A way to use a classifier based on the SVs to trigger full events was then required. The baseline solution suggested computing the mean classifier output probability for all the SVs of an event. This physically does not make much sense, because for events with many reconstructed SVs we would like to keep them all, even in case only a few of the SVs are interesting. The average for events with many SVs and only a few with high classifier output would be washed out.
The first improvement that occurred to me was to use the maximum SV probability for each event instead of the mean, which allowed me to beat the baseline solution right away. The winning solution (spoiler alert: it wasn’t me!) went a bit further and trained an additional event-based classifier using the mean, maximum and standard deviation of these SV probabilities.
The score metric chosen by the organizer of the competition was a weighted AUC (i.e. area under the ROC curve), the weight being proportional to the frequency of each type of physical process. Technique-wise, the baseline solution provided was based on a scikit-learn Gradient Boosting. After checking that the baseline was well hyper-optimized, I moved to the awesome xgboost library. It also uses gradient boosting, but it is faster overall and includes regularization, which usually helps to avoid overfitting. The improvement was quite small, but running time felt shorter and sometimes you lose challenges by tinier differences.
Another important check when you are given a dataset for a classification task is to see whether it is well balanced (i.e. if there is approximately the same number of samples for each class). As I will explain in another post soon, an unbalanced dataset can cause a lot of frustration and effectively ruin your classifier training.
There are some resampling alternatives to handle these issues, but for most classifiers (e.g. GB, NN) the easiest approach is to use sample weights in the cost functions which account for the class imbalance. The Trigger challenge dataset was one of the most unbalanced I have ever played with. It contained about 300000 of desirable events, but only 10000 of boring processes, so I used the ratio between those quantities to weight the minority class. This further improved my validation dataset score.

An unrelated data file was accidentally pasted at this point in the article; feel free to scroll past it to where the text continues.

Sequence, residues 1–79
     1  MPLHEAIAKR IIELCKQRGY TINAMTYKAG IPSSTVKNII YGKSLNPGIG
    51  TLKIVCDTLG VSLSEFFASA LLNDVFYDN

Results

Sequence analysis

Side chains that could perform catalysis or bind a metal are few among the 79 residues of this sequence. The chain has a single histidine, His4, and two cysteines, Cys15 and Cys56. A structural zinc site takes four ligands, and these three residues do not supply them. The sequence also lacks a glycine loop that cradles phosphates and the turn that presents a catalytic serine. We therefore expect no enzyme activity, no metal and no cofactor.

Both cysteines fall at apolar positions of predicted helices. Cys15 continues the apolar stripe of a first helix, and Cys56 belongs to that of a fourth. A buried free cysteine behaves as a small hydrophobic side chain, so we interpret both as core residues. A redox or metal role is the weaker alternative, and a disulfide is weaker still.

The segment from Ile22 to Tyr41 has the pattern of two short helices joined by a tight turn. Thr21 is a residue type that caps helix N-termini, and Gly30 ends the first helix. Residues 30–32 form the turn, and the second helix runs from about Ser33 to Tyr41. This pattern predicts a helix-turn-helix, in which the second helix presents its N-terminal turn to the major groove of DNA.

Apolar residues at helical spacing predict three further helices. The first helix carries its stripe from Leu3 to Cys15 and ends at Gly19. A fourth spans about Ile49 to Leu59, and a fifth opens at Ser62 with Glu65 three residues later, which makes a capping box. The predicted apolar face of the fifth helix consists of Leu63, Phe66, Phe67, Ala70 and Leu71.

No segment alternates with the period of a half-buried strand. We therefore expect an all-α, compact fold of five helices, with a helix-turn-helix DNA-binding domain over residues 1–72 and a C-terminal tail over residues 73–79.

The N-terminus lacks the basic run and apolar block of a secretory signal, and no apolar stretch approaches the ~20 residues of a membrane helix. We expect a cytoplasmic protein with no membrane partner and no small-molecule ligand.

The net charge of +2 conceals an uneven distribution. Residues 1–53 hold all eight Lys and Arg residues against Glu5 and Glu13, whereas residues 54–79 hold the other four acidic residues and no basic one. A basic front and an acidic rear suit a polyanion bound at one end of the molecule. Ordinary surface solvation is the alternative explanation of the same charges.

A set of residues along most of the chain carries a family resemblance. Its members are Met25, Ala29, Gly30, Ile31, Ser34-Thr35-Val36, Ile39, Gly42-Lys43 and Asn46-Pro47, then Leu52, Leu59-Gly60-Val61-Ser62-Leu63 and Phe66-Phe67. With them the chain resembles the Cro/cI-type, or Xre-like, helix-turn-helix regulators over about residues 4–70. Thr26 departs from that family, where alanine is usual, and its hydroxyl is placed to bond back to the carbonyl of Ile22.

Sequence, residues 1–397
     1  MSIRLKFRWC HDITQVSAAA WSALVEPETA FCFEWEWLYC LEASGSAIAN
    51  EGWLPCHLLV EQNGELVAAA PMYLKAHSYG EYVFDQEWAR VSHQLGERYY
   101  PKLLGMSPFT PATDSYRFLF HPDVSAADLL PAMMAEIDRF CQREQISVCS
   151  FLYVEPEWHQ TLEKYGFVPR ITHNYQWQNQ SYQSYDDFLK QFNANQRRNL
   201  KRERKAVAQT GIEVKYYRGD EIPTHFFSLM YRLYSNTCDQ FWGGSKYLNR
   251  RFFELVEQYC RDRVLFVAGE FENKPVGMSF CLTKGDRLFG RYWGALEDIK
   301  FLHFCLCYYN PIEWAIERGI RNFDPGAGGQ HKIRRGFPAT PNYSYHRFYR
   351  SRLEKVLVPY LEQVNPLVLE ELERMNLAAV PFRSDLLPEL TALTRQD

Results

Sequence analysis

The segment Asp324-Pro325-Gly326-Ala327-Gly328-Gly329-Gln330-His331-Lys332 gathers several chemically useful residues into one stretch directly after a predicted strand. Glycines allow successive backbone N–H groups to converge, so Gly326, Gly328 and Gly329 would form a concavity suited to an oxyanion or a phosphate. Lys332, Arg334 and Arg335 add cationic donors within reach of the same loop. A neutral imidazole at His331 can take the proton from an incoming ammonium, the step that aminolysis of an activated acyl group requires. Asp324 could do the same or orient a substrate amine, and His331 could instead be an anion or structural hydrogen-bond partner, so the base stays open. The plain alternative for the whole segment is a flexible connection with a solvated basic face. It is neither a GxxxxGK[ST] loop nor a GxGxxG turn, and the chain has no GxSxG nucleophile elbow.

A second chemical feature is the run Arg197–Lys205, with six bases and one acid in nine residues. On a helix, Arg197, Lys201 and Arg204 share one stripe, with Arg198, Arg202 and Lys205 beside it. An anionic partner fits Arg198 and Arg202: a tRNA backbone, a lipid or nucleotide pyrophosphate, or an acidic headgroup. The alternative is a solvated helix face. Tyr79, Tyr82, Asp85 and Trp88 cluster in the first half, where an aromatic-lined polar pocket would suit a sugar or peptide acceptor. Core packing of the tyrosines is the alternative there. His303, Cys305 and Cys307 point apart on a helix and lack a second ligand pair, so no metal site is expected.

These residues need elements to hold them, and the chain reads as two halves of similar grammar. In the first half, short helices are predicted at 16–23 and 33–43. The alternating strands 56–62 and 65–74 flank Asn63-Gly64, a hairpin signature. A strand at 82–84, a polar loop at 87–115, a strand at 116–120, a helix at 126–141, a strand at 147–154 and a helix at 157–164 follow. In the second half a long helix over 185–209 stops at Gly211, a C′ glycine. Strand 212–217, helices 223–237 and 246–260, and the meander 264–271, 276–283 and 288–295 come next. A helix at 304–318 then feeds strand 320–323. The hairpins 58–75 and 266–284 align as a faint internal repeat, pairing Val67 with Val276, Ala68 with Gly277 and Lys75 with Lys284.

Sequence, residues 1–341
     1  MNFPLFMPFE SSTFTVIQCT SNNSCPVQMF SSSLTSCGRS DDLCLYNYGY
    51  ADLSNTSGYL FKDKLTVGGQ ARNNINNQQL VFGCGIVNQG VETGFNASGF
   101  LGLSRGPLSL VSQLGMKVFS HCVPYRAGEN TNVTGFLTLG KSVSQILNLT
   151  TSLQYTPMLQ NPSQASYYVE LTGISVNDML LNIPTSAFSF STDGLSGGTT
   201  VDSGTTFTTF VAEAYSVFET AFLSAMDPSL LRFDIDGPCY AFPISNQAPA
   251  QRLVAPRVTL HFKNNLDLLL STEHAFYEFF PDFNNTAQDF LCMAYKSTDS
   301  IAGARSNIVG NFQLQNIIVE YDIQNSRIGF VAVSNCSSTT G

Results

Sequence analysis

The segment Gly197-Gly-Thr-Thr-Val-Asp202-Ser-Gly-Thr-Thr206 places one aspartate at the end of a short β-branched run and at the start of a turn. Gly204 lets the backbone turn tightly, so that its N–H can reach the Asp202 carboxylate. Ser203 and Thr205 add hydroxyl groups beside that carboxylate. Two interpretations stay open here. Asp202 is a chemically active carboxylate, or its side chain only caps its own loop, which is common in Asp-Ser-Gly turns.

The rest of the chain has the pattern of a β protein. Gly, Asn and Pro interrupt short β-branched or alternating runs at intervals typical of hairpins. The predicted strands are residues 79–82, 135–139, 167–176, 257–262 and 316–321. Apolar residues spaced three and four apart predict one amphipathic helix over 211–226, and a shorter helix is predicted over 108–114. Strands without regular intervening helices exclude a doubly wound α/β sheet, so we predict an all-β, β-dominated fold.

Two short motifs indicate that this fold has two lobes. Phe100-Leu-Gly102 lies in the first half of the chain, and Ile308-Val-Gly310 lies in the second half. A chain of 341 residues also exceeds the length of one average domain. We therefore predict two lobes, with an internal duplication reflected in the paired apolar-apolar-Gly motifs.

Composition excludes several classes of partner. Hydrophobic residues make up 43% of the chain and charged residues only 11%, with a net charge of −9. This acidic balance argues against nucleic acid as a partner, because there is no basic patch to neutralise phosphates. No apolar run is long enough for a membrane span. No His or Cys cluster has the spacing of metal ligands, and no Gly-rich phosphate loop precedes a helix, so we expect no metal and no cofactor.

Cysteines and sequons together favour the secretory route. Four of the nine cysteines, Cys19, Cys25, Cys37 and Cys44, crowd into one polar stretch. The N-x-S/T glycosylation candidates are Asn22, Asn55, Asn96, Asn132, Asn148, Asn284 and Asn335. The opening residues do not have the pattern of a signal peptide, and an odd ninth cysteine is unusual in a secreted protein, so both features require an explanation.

Combining the mentioned techniques and optimizing the hyper-parameter scores, I was able to beat the baseline AUC in the public and private leaderboard and stay for a while in the first place of the competition. You can see some simplified code for obtaining a better than baseline solution in this Jupyter Notebook. However, I went to this school to learn and try new stuff that I had never tried before, so I teamed up with another participant of the school to try a different approach.
For his PhD he tries to apply deep learning techniques to identify different molecules from spectral data in proteomics. After some discussion, we decided that given the characteristics of this problem (many to one classification), we would like to try whether recurrent neural networks (RNN) could be of some use. I am planning to do a post on RNNs applied to HEP data at some point, but for the moment I will point you to this fantastic blog post by Andrej Karpathy.
The main point is that they can be used with input sequences, which is typically a time series from stock trading or a sentence in language processing. However, the RNN could potentially be applied to a set of tracks or jets in HEP.
Nowadays, thanks to powerful open source libraries, arbitrary deep neural network architectures can be declared with a few lines of code. We opted for the Keras library, which is a minimalist and modular library and allowed us to set up a basic LSTM RNN very easily. We played around with different layers, regularizations and architectures, but we were not able to beat the GB-based baseline with this classifiers.
I think that our main limitation was that we did not have enough data to properly train this kind of classifier, so that it captures the conditional pdfs of the sequence of SVs. It could be interesting to apply an RNN to similar many-to-one classification problems in HEP (e.g. b-tagging discriminator directly from a set of tracks or an event classifier from a set of jets).